Dick Day (1991)

dayAffiliation at the time of the award: McMaster University, Psychology.

Citation: Dr. Day’s dedicated involvement with teaching has been his hallmark for 25 years. From 1988 until 1999, he taught the largest number of undergraduates of any instructor at McMaster (typically 3000 each year), including the large Year 1 Introductory Psychology course as well as several second year courses. Dr. Day’s student ratings were consistently at or near the top in the Department, and he was nominated for the McMaster Students’ Union Teaching Award each year from 1987 (when he won for the Faculty of Social Science) until 1999. He is known as one of the University’s most enthusiastic teachers.

Professor Day has received particular recognition for his development of a unique methodology for the introductory course of some 1800 students. This includes hand- picking and training 40 undergraduate tutors, producing and revising a series of fifty 35- minute videotapes and writing a 200 page student handbook including readings, study tips, and sample questions.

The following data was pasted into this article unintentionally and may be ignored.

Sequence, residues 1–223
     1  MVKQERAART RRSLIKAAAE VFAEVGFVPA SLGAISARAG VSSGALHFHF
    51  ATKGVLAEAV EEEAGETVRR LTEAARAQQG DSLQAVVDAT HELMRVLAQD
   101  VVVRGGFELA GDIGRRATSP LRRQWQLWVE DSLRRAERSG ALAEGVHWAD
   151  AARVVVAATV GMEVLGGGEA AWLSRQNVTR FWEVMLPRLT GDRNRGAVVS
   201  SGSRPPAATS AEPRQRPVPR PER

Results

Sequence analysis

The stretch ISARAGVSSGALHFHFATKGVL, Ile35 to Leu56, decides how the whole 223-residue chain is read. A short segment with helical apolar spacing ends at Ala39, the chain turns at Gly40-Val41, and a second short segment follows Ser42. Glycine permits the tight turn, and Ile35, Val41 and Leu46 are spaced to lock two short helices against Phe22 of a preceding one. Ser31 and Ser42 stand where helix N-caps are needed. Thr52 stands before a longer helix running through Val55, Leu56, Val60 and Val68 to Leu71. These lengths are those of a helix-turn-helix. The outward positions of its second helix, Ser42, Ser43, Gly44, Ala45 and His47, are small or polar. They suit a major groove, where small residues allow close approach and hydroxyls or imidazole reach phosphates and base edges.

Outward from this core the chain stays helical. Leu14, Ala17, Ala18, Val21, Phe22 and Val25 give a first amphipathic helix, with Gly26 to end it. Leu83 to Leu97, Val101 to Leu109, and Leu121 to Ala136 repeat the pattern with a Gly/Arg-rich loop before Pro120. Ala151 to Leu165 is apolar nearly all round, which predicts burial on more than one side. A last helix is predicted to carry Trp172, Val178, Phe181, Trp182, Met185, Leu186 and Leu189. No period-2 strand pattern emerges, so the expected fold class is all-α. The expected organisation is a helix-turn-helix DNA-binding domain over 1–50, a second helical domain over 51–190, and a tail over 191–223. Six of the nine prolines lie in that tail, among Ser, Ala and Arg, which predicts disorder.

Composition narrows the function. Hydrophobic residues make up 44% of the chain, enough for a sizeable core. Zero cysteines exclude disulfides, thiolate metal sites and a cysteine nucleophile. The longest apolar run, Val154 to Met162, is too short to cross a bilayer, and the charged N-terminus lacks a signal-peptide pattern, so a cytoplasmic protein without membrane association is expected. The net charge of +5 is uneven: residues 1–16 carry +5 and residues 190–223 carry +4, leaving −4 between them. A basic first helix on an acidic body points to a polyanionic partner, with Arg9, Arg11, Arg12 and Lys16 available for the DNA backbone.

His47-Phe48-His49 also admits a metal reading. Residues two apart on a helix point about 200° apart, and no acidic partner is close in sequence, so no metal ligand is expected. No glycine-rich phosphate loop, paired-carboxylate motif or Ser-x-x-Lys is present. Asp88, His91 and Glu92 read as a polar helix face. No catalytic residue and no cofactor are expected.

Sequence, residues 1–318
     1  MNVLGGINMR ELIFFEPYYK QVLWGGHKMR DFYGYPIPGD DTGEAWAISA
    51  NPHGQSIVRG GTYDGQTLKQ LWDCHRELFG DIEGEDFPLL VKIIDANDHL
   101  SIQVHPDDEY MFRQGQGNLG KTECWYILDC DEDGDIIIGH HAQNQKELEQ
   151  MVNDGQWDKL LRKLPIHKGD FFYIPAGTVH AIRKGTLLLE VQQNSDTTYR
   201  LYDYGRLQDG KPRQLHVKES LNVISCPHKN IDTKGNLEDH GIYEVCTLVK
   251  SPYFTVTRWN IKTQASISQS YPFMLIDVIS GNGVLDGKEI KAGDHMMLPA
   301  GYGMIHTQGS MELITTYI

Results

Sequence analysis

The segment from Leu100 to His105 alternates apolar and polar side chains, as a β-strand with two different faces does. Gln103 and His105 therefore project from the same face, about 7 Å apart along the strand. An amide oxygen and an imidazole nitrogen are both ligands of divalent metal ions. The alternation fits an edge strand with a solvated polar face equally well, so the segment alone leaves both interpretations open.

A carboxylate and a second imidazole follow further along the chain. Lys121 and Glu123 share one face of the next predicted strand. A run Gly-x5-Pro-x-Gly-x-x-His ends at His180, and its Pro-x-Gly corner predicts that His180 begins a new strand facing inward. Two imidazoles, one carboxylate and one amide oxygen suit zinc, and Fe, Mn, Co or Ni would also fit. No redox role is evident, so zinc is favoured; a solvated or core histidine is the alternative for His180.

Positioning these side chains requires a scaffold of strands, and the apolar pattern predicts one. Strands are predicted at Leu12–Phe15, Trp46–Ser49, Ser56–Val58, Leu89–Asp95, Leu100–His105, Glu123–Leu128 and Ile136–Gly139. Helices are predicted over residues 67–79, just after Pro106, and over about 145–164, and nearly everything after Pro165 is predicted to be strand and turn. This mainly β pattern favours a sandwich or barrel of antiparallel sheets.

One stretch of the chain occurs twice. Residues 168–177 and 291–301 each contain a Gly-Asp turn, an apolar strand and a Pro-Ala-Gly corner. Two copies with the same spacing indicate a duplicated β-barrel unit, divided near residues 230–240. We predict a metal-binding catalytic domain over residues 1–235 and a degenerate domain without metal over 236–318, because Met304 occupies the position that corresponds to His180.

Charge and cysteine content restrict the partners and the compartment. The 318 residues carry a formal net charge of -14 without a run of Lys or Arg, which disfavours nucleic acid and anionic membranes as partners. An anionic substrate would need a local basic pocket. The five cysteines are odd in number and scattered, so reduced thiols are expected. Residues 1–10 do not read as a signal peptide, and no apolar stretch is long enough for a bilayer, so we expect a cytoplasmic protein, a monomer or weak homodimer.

Dr. Day served as Hallmaster of McKay Residence for eight years, during which time he worked with students and Residence Administration officials to improve the residence environment and the academic experience for undergraduates. After his term was completed, the Richard B. Day Award for academic excellence and achievement in residence government was instituted.

In addition to his own teaching, Dr. Day has been actively involved in promoting teaching- related activities across the campus. He served three consecutive terms as a member of the University Committee on Teaching and Learning, and as its Chair from 1991 to 1996. During his membership, he was involved in the creation of “TA- Day”, McMaster’s orientation workshop program for teaching assistants, and in the introduction of the President’s Awards for Excellence in Teaching. He has also given seminars and workshops on teaching to faculty members at McMaster and at sister institutions in Ontario.

In 1999, Dr. Day was named the first Academic Director of McMaster’s Centre for Leadership in Learning where he is involved in encouraging and supporting innovation in undergraduate education.